Since then, using savings and the income she makes from renting out five rooms in a house she owns, Miss Brown has had six IVF treatments, costing around £5,000 each, in Italy and America.
Now she is appealing for women aged between 20 and 35 to come forward as possible egg donors as she does not want to use a surrogate.
She explained: 'It's important that I carry the baby myself because I believe that even if I get pregnant with a donated egg I will pass genetic material on to the baby while I carry it in the womb.
'I believe the baby will look more like me that way.'
07-14-2009, 07:38 PM
On the bright side - linda# is looking better than usual in that picture . . . .
:DStand up for what is right, even if you have to stand alone.
07-14-2009, 11:59 PM
This is serious (okay, the jokes are funny). Can you imagine being that child, should she succeed? You will be forced to see her as pitiful and worthy of virtually unconditional love even though she is simply not capable of physically/emotionally mothering you.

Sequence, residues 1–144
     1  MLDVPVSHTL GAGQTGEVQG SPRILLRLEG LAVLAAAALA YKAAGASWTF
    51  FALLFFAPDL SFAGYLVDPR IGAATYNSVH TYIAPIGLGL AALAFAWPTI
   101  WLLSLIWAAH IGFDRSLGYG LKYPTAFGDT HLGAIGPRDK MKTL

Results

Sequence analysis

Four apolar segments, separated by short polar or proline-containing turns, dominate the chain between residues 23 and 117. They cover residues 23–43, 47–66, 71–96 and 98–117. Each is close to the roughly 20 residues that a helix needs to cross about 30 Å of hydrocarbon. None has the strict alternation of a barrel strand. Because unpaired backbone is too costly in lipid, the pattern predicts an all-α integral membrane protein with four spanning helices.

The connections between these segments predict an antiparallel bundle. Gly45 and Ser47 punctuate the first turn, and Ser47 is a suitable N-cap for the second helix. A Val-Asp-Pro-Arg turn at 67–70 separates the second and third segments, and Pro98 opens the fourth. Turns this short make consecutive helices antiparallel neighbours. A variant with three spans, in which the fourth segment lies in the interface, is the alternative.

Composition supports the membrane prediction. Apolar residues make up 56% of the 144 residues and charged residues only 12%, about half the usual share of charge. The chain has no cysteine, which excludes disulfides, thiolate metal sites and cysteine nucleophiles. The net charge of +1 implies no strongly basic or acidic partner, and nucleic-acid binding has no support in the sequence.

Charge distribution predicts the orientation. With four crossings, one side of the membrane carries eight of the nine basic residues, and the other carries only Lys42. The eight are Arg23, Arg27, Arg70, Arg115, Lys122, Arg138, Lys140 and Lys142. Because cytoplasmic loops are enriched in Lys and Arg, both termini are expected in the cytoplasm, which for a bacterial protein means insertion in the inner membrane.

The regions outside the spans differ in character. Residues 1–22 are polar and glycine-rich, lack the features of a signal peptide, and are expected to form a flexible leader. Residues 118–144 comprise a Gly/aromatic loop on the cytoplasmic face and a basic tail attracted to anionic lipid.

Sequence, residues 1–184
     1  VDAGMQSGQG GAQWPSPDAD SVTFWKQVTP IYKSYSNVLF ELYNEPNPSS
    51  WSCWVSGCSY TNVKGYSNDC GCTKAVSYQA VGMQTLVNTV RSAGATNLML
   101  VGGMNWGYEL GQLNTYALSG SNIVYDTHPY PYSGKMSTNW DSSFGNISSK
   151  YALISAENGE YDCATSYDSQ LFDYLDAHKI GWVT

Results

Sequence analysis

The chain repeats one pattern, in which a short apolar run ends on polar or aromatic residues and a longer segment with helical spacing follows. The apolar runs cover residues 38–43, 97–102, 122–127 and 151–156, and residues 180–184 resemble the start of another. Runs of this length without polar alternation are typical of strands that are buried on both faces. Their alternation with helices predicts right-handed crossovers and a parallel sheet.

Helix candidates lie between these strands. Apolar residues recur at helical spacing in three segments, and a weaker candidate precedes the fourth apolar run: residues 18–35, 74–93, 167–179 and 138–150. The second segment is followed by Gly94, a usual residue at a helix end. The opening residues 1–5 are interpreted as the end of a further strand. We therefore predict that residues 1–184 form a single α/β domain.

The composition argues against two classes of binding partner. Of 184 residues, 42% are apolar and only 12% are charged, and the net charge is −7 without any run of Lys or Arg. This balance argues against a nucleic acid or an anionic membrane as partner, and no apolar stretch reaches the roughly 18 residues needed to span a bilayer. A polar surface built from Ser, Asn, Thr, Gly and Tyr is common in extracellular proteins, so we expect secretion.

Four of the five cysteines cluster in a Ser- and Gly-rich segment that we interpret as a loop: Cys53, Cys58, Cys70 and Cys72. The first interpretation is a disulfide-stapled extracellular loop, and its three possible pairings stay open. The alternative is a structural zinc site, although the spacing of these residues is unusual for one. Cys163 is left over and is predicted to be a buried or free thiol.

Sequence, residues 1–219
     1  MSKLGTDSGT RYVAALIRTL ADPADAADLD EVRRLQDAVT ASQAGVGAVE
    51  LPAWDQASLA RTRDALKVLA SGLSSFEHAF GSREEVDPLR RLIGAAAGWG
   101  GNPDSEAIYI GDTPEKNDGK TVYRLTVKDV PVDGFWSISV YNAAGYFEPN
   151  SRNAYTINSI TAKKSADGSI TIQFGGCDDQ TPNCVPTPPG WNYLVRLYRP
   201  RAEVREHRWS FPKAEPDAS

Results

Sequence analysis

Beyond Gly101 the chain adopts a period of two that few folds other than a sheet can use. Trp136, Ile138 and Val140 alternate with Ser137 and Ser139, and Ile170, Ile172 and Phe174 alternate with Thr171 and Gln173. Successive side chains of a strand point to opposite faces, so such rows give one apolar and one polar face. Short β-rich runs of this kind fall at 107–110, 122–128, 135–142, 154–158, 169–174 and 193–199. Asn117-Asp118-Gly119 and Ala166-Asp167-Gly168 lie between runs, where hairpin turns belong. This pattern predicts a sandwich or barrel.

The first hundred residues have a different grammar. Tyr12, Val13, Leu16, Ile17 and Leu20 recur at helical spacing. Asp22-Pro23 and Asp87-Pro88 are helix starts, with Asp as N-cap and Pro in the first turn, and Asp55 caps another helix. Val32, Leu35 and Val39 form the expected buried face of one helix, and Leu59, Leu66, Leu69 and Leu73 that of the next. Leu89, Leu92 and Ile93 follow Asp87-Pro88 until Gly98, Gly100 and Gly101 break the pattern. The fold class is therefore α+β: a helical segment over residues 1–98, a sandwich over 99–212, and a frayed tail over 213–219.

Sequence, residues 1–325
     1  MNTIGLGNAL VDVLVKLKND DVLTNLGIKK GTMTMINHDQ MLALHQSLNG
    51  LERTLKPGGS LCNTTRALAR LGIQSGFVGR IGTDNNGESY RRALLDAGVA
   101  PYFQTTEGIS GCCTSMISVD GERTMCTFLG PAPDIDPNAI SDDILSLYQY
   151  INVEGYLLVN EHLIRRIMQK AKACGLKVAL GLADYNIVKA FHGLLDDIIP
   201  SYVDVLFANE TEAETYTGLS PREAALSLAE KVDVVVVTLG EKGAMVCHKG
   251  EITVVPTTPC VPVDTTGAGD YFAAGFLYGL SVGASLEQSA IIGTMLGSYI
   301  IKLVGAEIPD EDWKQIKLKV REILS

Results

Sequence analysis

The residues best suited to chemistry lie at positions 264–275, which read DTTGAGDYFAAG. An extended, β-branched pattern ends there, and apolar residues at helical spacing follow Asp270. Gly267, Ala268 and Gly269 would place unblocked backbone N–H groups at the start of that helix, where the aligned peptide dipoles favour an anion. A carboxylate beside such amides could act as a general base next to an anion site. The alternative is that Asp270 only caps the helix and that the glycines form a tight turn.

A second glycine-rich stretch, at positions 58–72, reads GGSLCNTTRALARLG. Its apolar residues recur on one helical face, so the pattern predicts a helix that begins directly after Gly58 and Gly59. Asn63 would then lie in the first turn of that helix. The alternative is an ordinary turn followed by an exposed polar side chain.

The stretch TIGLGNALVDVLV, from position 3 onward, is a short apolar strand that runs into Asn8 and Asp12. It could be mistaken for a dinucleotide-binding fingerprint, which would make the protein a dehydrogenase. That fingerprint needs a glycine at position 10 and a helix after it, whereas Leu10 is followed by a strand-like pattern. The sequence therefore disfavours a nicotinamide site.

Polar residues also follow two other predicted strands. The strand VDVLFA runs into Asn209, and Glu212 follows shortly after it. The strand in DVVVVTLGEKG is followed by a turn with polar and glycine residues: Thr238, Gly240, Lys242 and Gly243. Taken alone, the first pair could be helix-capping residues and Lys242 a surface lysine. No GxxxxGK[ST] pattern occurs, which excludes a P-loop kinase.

Grandparents don't generally attempt to act like young parents. They are okay with saying, "get off the lawn" and "I'm taking a nap - shut up for a while". This is completely different. Imagine going to your mother's funeral before middle school or having to learn to care for her most intimate needs as a young teen.
Having done all of that at a much more appropriate time, I can't see it for a very young person. :(
07-15-2009, 12:02 AM
It is wrong plain and simple. The child also has a greater risk of birth defects. Some people when they get older will try anything to get their youth back!
07-15-2009, 02:01 PM"Today, [the American voter] chooses his rulers as he buys bootleg whiskey, never knowing precisely what he is getting, only certain that it is not what it pretends to be." - H.L. Mencken
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07-15-2009, 02:05 PM
Oldest woman to give birth dies, leaving twins
By DANIEL WOOLLS, Associated Press Writer Daniel Woolls, Associated Press Writer – 27 mins ago
MADRID – A Spanish woman who deceived a U.S. fertility clinic about her age and become the oldest woman to give birth has died at 69, leaving behind 2-year-old twins, newspapers reported Wednesday.